Before the arrival of missionaries, the Hawaiians utilized various instruments in hula kahiko, including drums (pahu), feathered guards (uli uli), rock castanets (‘ili ‘ili), bamboo rattles (puili), and striking sticks (kala’au). This traditional dance form was predominantly performed by men (Polynesian Cultural Center, GG2). In contrast, hula ‘auana incorporated more westernized instruments such as the guitar, ukulele, and bass-guitars (Hopkins, Jerry, R4 and Joeroes, Conchita, W3). The primary distinction between hula kahiko and hula ‘auana lies in the energetic style of the former, accompanied by chants and percussion instruments, without the inclusion of music.

The hula ‘auana is a modernized version of the dance that showcases elegant movements and beautiful flowers, often accompanied by the romantic sounds of steel drums and ukulele (Polynesian Cultural Center, GG4). However, despite these changes, the true purpose of hula, which was originally a means of communication with the gods, has been overshadowed by its role in attracting visitors to the islands (Polynesian Cultural Center, GG4). This transformation holds great significance for the Hawaiian people and their culture, as hula is considered the heartbeat of their community (Ohumukini, Vance, J1).

The hula underwent numerous changes, resulting in a style that incorporated elements of both hula kahiko and hula ‘auana. This hybrid style, known as hula ku’i, combined elements from both traditions, with a heavier focus on ‘auana (Joeroes, Conchita, W2). Hula held great significance for the Hawaiians since they lacked a written language until the arrival of the missionaries. As a result, the art of hula served as the primary means of passing down information, traditions, and stories from one generation to the next. Unlike merely being regarded as a tourist attraction, the Hawaiians danced hula for a deeper purpose.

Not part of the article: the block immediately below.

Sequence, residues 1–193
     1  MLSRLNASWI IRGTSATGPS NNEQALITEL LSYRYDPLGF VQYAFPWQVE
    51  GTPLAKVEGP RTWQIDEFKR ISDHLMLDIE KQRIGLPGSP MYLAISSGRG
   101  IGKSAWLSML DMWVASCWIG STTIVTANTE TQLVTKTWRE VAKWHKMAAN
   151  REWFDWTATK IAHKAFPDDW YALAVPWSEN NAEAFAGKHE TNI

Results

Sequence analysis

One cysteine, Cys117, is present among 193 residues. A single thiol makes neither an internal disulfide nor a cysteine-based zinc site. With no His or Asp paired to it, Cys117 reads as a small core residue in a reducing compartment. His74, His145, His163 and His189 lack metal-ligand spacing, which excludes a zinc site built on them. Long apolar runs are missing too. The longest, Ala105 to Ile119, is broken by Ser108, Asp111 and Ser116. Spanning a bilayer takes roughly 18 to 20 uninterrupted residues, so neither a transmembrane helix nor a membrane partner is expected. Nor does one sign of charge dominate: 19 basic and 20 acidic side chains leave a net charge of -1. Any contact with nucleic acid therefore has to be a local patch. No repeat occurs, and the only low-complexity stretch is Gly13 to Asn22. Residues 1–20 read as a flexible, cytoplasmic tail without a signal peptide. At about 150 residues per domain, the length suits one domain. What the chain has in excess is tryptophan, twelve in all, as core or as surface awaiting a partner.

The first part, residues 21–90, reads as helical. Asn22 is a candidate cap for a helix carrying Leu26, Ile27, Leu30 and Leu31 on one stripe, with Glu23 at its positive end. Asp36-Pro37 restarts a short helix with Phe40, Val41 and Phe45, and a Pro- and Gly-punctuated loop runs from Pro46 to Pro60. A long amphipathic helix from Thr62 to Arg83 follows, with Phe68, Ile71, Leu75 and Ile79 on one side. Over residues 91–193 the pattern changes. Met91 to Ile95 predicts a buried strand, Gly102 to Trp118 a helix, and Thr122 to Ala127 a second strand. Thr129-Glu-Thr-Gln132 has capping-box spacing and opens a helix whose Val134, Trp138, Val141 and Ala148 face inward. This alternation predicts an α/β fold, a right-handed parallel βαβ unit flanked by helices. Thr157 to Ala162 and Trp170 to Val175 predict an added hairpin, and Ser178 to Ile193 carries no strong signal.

In ancient times, hula was performed as a religious ritual rather than solely for tourism (McKenzie, Bill, HH1). I concur with the author’s perspective as the Hawaiians relied on chanting and hula to convey stories and preserve legends. The absence of hula or chanting would have hindered their ability to convey stories to the younger generation. They would engage in practice within a grand structure containing an altar dedicated to the goddess, Laka (Hanalei, Nani, O1). This demonstrated that hula was not merely entertainment, but a dance performed as homage to Laka. Hula encompassed a level of complexity beyond its outward appearance.